50 years ago, the CSIC facilities located in the municipality of Algarrobo, in the province of Malaga, started the development of the strawberry varieties that are currently grown in the fields of Huelva.
In the mid-1950's, the German engineer and economist Dieter Wienberg made a proposition to his country's Government: to sign an agreement with Spain in order to promote the cultivation of new fruit and vegetable varieties in a place with an exceptional climate: the easternmost Costa del Sol. In May 1961, after having compared the weather conditions of many Mediterranean places, the foundations were laid for the inauguration of what is now the Institute of Subtropical and Mediterranean Hortofruticulture, which is managed by the CSIC and the University of Malaga. Since their inauguration and up until 1975, the facilities were part of a common project in which Germany invested 3 million marks, and Spain, twice that figure. This is how the La Mayora farm gave rise to a true laboratory of varieties that, in many cases, came originally from California. It is the case of strawberries.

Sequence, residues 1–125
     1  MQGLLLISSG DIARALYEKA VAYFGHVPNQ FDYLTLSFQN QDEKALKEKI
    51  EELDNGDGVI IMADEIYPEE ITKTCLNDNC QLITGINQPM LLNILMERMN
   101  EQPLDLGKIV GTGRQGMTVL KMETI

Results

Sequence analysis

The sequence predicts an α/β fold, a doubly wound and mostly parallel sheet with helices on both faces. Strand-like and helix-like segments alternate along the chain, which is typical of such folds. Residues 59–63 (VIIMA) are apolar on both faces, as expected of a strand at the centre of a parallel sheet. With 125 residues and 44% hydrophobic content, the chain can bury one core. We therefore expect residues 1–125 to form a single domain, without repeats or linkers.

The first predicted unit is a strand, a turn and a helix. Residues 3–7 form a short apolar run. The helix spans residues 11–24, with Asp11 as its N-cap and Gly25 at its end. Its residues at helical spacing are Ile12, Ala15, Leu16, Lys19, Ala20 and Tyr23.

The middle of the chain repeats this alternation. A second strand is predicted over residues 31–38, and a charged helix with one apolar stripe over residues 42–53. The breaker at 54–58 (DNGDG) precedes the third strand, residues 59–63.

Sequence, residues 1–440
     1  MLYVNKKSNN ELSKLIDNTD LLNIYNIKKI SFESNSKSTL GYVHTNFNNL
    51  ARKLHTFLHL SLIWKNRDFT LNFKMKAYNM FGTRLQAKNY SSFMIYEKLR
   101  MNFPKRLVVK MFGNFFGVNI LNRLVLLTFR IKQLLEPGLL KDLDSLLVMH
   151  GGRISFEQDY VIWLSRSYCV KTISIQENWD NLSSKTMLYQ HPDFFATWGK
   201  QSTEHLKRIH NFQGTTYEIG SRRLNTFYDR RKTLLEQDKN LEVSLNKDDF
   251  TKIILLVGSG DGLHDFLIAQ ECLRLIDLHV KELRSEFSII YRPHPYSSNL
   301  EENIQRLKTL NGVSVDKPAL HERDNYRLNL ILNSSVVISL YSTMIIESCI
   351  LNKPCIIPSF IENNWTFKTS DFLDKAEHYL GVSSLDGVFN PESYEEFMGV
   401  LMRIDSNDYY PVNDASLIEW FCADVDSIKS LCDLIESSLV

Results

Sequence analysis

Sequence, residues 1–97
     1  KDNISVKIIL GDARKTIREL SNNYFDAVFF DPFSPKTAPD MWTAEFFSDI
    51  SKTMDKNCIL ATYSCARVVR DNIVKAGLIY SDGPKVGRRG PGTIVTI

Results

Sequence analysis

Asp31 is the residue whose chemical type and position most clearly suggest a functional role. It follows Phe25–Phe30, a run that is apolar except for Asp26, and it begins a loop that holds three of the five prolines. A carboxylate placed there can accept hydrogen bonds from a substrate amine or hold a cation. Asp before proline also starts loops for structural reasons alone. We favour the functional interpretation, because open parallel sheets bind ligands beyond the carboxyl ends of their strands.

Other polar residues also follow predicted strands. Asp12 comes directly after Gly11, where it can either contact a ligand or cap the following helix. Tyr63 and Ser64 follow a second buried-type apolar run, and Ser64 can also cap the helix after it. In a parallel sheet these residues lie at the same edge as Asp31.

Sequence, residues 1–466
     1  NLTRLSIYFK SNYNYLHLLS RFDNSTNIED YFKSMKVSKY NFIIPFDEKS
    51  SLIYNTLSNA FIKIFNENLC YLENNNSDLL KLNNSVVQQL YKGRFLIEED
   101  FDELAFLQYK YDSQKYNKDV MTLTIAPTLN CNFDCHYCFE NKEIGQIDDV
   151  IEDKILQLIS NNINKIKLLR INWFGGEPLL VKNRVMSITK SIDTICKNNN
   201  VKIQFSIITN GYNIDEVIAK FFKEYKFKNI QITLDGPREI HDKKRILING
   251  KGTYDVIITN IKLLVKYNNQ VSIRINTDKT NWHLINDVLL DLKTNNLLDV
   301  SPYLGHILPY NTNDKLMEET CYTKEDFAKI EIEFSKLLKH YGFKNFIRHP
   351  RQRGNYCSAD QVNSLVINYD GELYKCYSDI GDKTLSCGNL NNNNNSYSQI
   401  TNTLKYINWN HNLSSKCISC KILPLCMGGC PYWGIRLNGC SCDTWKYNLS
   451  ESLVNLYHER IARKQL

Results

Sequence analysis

This fruit was the first to generate commercial returns. However, the facilities would not be limited to the intensification of agriculture. In the seventies, thousands of German families, in the heat of this news about the "new California", decided to acquire their second homes in the surroundings of La Mayora. This circumstance limited the availability of agricultural land, and also entailed water restrictions for potential entrepreneurs.
"Dieter then considered the option of exporting the crop to the province of Huelva, getting in touch with the entrepreneur Antonio Medina (in the town of Moguer). The subsequent story is well known: 6,000 hectares devoted to strawberry cultivation and about 400 million Euro in annual turnover, still above the joint turnover generated by avocados and mangoes in the Axarquía," say the oldest workers at La Mayora.